Taliesin Desk Build - How's and Why's #11: Moving Along

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Blog entry by EarlS posted 09-09-2016 01:54 AM 1060 reads 0 times favorited 3 comments Add to Favorites Watch
« Part 10: Arches for Aprons Part 11 of Taliesin Desk Build - How's and Why's series Part 12: Framing the Drawers »

Things finally are moving along, unfortunately, a little too fast in the case of the beveled through tenons on the bottom apron and the long stretchers. I forgot to cut the bevels on the tenons BEFORE I cut the arches. As a result I had to come up with plan B. As you can see from the picture, it entails a long fence on the miter bar and a longer piece of sacrificial wood clamped to the miter bar and the stretcher.

Probably not the preferred method for cutting bevels on the tenons, but it worked.

After dry fitting the various pieces for the leg sections, I moved on to rounding over the edges with a 1/8” round over bit on the router table. From there, I sanded everything to 320 grit and applied 3 coats of Arm-R-Seal as an intial pre-finish, sanding with wet 800 grit between coats. After the legs are assembled they will be finished with a couple of coats of spray polyurethane.

The inner pieces were glued up first.

Then the legs were glued up and the wedge tenons were pounded into place.

After the glue dried overnight, the wedges were trimmed and sanded flush to the tenons.

I also made walnut square pegs for the pins on the vertical pieces of the legs. I cheated and used the drill method others on LJ have mentioned.

Chuck the square blank in the drill like you would a bit. Place 220 grit paper on a foam rubber mat folded over several time to make a soft backing. Holding the drill at a slight angle, start the drill. Rock the drill around to make sure the blank end is rounded over to form a slight pillow. Frequently check your progress. Once satisfied with the form, move to 400 grit paper, then 800 grit, and finally 1500 grit paper. Pull the wood out of the chuck and do the same thing to the other end. Repeat until you have a stack of them ready to go.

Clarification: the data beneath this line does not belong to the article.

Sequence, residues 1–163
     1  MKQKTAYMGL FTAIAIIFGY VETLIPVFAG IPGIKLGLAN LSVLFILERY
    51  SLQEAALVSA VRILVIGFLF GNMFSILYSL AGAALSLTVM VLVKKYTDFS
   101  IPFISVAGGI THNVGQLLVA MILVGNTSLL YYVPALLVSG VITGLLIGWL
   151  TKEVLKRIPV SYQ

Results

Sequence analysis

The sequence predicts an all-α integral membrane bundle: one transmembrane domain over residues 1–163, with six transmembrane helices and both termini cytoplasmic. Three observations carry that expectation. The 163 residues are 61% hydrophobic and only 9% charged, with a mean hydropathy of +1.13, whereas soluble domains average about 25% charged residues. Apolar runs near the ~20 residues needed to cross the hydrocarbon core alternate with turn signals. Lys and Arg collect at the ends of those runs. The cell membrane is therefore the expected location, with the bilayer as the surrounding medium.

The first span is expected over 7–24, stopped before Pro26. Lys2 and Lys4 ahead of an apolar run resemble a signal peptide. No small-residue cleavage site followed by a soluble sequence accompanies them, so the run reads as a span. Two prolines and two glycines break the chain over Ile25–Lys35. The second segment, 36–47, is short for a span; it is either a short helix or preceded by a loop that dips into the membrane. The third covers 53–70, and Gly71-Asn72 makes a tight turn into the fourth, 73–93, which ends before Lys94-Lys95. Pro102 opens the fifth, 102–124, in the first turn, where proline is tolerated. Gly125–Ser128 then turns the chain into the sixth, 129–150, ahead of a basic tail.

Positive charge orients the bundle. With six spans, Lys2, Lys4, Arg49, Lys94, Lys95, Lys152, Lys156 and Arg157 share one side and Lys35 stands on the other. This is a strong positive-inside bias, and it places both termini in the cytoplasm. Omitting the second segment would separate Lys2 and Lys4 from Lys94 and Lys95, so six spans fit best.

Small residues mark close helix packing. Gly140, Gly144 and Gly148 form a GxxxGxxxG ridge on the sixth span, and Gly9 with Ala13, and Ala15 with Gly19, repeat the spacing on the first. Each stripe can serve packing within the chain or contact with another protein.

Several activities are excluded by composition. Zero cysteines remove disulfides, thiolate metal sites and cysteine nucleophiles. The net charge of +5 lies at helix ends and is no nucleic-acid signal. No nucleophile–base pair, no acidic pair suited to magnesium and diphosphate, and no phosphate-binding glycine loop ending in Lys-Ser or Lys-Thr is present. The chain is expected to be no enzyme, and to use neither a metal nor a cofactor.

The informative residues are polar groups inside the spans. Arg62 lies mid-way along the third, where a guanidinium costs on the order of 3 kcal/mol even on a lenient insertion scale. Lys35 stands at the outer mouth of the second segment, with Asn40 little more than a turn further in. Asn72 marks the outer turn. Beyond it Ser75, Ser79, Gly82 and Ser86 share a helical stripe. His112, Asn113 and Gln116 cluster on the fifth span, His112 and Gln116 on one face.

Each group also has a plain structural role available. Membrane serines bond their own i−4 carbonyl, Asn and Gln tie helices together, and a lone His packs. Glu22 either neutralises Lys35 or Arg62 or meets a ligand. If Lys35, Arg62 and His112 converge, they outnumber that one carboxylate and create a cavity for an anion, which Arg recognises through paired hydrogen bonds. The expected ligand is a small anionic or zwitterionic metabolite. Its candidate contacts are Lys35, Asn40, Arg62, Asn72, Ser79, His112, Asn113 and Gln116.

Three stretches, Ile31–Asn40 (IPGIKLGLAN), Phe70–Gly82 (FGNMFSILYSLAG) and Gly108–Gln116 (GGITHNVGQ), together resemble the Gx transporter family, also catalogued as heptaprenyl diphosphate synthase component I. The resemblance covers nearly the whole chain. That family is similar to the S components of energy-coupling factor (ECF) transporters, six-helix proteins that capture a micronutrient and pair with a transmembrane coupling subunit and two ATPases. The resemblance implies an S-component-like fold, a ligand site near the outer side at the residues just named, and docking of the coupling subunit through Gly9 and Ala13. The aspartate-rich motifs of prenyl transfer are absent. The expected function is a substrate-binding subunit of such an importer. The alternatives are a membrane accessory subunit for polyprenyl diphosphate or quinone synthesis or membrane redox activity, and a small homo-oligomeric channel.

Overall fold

I glued the square pegs in place, let the glue dry then drilled Miller dowels into the back side of the leg assemblies, slightly into the square pegs.

After a little more sanding, and a coat of polyurethane, and the stretchers dry fit in place things are looking good:

With the legs finished, the drawers, top, and associated internal supports are all that are left to build. Hopefully, there will be plenty of shop time this weekend…...

-- Earl "I'm a pessamist - generally that increases the chance that things will turn out better than expected"

3 comments so far

View WhattheChuck's profile


455 posts in 4636 days

#1 posted 09-09-2016 01:59 AM

Looking great!

-- Chuck, Pullman, WA

View pintodeluxe's profile


6370 posts in 3889 days

#2 posted 09-09-2016 06:06 PM

Now we’re talking. Great progress, and I like the subtle sheen of your finish.

-- Willie, Washington "If You Choose Not To Decide, You Still Have Made a Choice" - Rush

View JimYoung's profile


407 posts in 2663 days

#3 posted 09-10-2016 01:38 PM

It’s cool to see the variations on this design. Nice combination of wood colors, and I like the pegged joinery.

-- -Jim, "Nothing says poor craftsmanship more than wrinkles in your duck tape"

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